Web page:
In the early hours of Sunday 31 October the clocks go back an hour throughout most of Europe and daylight saving time (DST) comes to an end. In this post I’ll talk about the practice of putting the clocks backwards and forwards and why this may be coming to an end
The beginning of DST
The first place in the world to practise DST was the town of Port Arthur, Ontario. In 1908, a local businessman, John Hewitson petitioned the town council to adjust the clocks one hour forward in the summer months so the locals could enjoy an extra hour of summer sun. The council agreed and the town turned its clocks ahead one hour from June to September.
DST became established in Europe and North America during the first world war. Two of the Central Powers (Germany and Austria-Hungary) adopted it in April 1916 followed by many European countries later that year. The US adopted it in 1918. The main justification for its use was that by having an extra hour of daylight in the evening, it reduced the need for energy in the stretched wartime economies.
Applying DST shifts the day. People lose an hour of daylight in the morning and gain an hour of daylight in the evening. Advocates of DST believe that the extra hour of daylight in the evening can be put to good use – allowing people to do outdoor activities in the evening with less need for artificial light. The hour of daylight lost in the early morning is of little importance, as it occurs before most people have started their daily activities. For example, on 21 June 2021, the Sun rose in London at 4:43 AM and set at 9:21 PM. If the UK didn’t observe DST it would have risen at 3:43 AM and set at 8:21 PM.
Supporters of DST claims it reduces energy usage for heating and lighting. Although this may have been true in the past, this benefit is now debatable. Modern light-bulbs are very energy efficient and, in many Southern states of the US, DST causes energy consumption to rise because it is slightly warmer in the evening – increasing the energy used on air conditioning.
The Decline of DST
Despite some of its proposed advantages, only one billion people live in a place which observes DST. In the map below the countries are coloured as follows.
- The areas shaded in blue observe Northern Hemisphere DST.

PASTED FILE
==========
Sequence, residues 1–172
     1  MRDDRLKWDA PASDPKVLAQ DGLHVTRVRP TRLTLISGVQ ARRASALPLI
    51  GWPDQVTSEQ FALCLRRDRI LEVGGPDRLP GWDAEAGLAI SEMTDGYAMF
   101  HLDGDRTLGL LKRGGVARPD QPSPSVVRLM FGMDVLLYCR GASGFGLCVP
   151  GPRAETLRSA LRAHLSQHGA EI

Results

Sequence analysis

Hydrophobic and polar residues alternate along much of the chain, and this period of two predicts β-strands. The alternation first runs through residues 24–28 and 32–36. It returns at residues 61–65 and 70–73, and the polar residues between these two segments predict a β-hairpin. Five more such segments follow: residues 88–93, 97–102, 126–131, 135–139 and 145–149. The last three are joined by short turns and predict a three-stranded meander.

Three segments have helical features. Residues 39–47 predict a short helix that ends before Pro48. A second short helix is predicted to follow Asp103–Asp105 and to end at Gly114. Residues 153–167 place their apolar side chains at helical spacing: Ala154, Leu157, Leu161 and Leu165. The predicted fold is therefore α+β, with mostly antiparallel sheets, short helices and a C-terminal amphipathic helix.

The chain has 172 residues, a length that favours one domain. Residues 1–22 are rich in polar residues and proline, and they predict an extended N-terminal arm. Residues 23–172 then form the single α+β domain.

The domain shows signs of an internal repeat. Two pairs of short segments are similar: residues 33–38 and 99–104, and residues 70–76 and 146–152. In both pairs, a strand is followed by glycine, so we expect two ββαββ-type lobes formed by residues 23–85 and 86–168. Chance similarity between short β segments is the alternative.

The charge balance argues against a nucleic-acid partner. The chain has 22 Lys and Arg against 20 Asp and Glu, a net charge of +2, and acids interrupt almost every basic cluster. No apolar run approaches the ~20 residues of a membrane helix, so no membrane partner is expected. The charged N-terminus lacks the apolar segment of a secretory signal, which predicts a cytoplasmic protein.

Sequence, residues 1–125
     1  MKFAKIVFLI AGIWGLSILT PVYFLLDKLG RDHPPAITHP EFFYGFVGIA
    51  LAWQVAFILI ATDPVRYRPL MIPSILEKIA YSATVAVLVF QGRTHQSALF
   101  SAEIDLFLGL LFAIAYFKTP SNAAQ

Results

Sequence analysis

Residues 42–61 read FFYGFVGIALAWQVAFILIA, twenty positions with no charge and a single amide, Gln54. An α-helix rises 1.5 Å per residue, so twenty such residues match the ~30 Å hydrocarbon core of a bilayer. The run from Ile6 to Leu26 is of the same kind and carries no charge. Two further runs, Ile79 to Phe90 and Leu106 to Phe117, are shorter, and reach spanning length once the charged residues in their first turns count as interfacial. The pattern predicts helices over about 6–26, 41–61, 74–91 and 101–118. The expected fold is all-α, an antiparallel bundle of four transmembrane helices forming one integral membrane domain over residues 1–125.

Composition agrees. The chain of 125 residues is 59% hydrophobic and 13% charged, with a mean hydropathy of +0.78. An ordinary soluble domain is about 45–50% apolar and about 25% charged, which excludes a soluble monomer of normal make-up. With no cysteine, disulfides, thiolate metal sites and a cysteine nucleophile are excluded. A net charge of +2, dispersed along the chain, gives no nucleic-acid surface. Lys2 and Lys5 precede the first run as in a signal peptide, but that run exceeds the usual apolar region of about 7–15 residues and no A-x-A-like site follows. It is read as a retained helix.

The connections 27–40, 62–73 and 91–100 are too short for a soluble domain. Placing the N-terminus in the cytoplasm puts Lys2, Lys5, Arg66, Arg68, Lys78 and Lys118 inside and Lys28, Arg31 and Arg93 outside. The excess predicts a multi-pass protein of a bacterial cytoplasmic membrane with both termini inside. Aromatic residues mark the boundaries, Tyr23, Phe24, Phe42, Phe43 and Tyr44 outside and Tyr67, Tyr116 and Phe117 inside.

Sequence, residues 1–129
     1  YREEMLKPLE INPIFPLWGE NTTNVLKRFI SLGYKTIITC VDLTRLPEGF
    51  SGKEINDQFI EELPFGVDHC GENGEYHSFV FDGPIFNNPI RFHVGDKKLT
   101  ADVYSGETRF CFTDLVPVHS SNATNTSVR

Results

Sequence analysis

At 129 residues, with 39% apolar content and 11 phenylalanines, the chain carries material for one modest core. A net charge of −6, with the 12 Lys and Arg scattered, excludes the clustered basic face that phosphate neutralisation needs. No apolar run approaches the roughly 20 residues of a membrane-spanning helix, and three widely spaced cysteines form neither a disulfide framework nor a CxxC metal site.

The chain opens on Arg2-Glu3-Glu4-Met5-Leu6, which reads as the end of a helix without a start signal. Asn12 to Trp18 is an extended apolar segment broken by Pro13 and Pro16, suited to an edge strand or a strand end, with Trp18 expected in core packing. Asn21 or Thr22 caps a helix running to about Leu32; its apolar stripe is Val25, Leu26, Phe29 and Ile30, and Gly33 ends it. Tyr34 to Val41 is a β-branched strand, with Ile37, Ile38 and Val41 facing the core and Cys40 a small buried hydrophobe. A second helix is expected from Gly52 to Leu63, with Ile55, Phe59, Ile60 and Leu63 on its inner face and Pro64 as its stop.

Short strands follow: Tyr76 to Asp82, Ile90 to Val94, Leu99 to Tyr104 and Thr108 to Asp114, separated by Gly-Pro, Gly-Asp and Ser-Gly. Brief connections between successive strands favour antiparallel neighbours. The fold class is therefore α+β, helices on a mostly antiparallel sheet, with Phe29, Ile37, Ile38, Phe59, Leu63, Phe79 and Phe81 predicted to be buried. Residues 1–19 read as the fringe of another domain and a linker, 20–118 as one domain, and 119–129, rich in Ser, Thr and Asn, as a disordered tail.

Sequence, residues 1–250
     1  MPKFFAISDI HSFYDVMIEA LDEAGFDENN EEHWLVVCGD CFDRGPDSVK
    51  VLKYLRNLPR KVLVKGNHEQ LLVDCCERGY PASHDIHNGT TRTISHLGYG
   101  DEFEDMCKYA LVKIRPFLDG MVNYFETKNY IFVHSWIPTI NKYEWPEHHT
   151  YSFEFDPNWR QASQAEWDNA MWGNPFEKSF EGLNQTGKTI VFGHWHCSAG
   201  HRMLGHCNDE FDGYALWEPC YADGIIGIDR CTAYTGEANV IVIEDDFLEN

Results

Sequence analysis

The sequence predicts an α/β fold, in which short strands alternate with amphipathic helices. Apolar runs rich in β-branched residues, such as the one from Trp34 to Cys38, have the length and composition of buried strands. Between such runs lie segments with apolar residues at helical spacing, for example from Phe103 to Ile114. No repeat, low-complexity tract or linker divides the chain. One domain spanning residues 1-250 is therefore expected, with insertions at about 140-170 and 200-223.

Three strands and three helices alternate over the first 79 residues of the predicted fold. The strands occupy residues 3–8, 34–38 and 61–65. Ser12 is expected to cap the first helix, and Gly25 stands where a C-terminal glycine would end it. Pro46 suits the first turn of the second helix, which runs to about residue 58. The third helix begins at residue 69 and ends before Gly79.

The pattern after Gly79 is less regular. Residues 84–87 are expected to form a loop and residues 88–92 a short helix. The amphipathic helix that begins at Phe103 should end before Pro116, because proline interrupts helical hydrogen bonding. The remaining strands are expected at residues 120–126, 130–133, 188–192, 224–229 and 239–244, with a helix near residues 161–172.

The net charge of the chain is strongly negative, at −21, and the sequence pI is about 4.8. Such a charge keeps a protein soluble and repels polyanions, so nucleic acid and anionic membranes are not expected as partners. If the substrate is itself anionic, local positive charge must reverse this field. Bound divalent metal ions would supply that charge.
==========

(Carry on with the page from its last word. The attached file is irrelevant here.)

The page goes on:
- The areas in orange observe Southern Hemisphere DST.
- The areas in dark grey have never observed DST.
- The areas in light grey used to observe DST (or permanent daylight saving where the clocks are advanced by one hour all year) but no longer do so.
Image from Wikimedia commons.
One disadvantage of DST is that the twice yearly clock shifts are disruptive to sleep patterns and need to be manually applied in many clocks, watches and some central heating timers. On the day of the change there can be disturbance to plans and people can arrive an hour late or early for appointments.
Another issue is that countries which observe DST do not change their clocks at the same time. For example, New York, like most of the US, puts it clocks forward at 2 AM (local time) on the second Sunday in March and back at 2 AM (local time) on the first Sunday in November. Whereas London, like the rest of the EU, put its clock forward at 1 AM (UTC) on the last Sunday in March and back at 1 AM (UTC) on the last Sunday in October. Therefore, for most of the year New York is five hours behind London, but there are two periods when the time difference is four hours. This can cause confusion e.g. when people try to arrange a transatlantic phone call in either of these periods.
A further complexity is that the small number of countries in the Southern Hemisphere which still use DST put their clocks forward at the start of their spring (which corresponds to the Northern Hemisphere autumn) and back at the start of their autumn (which corresponds to the Northern Hemisphere spring).